Materials and methods
Study design and population
The study was approved by the Institutional Review Board of the author’s institution (IRB no. 2211-064-1377). Informed consent was waived due to the retrospective design.
One hundred forty-nine achondroplasia patients visited our institution between January 2002 and August 2022. Growth data of height, weight, and HC were measured when patients visited outpatient clinics or were admitted to wards. The data were collected from electronic medical records. We included growth data of 0–3 years of age because the HC rapidly increases in 0–3 years and reaches nearly 90% of adults in the general population . The Korea Disease Control and Prevention Agency in 2017  and the National Center for Health Statistics in 2000  provided HC growth curves of the standard pediatric population only under 3 years of age. Also considered is that achondroplasia patients over 3 years old largely escape the vulnerable periods for neurosurgical procedures such as FMD and VP shunt if patients were examined from early infancy . We excluded 4 patients with no growth data and 20 patients with only growth data over 3 years of age. Finally, the growth data of 125 patients were included in the study (Fig. 1).
Criteria for the treatment of FMD and VP shunt
Surgical treatments were decided based on the clinical presentations and magnetic resonance imaging (MRI) findings at the first visit and follow-up. Cervical myelopathy was diagnosed with overt neurological abnormalities, a history of respiratory depression or arrest, or evidence of spinal cord injury on MRI (high signal intensity on T2-weighted images). We performed FMD on patients with cervical myelopathy and patients with severe stenosis of the cervical spinal cord (indentation of the cord greater than 25% of the normal cord thickness on MRI) [13, 16, 21,22,23]. It had been considered that severe stenosis of the cervical spinal cord was an indentation of the cord greater than 50% of the normal cord thickness before the literature was published in 2021 .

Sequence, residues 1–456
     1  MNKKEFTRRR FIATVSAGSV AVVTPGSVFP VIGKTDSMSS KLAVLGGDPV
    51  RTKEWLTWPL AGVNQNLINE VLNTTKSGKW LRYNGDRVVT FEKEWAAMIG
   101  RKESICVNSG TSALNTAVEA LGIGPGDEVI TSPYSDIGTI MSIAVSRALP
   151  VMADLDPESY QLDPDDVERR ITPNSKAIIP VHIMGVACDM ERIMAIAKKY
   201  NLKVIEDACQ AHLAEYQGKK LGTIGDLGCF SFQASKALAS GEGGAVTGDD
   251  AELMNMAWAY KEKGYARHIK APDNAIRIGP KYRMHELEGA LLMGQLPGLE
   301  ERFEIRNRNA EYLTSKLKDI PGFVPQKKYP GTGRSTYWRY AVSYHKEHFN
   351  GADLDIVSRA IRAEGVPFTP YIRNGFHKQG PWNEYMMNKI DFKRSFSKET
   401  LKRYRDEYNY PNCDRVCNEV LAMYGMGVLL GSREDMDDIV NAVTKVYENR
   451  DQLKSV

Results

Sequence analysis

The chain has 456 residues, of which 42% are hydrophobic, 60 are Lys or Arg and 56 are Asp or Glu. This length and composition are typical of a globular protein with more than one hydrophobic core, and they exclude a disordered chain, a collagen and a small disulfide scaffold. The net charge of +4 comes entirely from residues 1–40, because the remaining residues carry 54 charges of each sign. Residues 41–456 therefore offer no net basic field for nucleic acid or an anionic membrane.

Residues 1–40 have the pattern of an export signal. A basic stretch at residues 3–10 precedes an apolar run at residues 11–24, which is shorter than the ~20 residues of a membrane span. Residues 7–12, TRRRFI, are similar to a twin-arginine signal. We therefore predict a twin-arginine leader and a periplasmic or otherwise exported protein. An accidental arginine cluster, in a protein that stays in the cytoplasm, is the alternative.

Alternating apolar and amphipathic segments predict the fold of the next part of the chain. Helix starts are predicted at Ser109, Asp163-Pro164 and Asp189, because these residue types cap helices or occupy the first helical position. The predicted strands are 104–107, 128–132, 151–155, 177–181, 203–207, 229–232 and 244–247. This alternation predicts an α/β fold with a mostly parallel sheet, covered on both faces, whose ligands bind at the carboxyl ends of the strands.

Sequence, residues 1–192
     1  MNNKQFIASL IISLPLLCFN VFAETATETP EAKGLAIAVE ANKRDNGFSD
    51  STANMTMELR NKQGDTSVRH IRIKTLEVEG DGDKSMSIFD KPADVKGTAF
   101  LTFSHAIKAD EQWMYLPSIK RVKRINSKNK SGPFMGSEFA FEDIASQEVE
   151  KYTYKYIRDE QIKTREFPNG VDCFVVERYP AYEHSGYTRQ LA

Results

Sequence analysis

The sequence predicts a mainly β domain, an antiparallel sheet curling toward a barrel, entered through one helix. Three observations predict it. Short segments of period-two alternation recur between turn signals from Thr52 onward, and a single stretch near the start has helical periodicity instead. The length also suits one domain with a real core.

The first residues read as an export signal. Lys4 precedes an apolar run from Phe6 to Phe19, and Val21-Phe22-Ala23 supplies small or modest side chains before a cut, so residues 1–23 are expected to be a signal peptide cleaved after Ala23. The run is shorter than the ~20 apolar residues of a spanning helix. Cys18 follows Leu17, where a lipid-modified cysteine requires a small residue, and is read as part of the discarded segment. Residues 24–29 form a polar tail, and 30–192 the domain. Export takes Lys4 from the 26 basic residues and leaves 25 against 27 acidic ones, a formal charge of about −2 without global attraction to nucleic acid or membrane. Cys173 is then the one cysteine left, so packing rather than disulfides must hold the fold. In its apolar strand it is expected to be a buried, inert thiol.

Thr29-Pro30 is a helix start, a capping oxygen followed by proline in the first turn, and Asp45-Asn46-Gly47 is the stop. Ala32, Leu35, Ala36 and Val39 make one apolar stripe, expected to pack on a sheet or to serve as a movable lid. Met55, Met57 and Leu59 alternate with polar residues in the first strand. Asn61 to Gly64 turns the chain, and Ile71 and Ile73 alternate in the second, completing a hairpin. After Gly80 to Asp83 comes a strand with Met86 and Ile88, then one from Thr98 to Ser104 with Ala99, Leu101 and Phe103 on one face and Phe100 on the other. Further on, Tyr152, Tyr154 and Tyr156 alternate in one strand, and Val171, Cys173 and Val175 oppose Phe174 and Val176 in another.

Hydrocephalus was diagnosed when there were definite neurological symptoms with corresponding imaging findings. Neurological abnormalities included bulged and tense fontanelle, scalp vein engorgement, and limited eyeball movement or sunset sign. However, some patients with hydrocephalus showed vague symptoms like poor oral intake, irritability, or simple developmental delay. Papilledema on the fundoscopic exam or characteristic imaging findings were important in those cases. Imaging findings included progressively increasing ventricular size on serial images or overtly enlarged ventricles with periventricular T2 high signal intensity on MRI. A previous study by ours showed that “frontal horn width” and “Evan’s ratio” were significant predictors for hydrocephalus, and they came into consideration for the diagnosis of hydrocephalus .
The treatment of hydrocephalus in achondroplasia was individualized and varied according to the clinical situation. If the patient had increasing ventricular volume and concomitant stenosis at the foramen magnum that met the indication of FMD, FMD was performed first. For some patients who presented both with hydrocephalus and cervical myelopathy, hydrocephalus was relieved by FMD [5, 24]. VP shunt was performed if initial FMD did not reverse the progressive ventriculomegaly and associated symptoms or if there was no craniovertebral stenosis necessitating FMD. Endoscopic third ventriculostomy (ETV) was recently considered a treatment option for some patients requiring VP shunt [7, 14, 25, 26].
Growth curves and percentile graphs of height, weight, and HC under 3 years of age were constructed using the generalized additive model for location, scale, and shape (GAMLSS) model in R. We retrospectively compared differences in the mean values of height, weight, and HC at birth, 1 year, 2 years, and 3 years of age between achondroplasia patients and the general population using independent T-tests and Mann-Whitney tests by IBM SPSS® Statistics 27.0 (2017 IBM Corp. NY, USA). We compared our growth data with the American growth data presented by the American academy of pediatrics as global guidelines for achondroplasia . We also compared HC at birth, 1 year, 2 years, and 3 years of age according to the presence of hydrocephalus using independent T-tests and Mann-Whitney tests. A p-value less than 0.05 was considered statistically significant.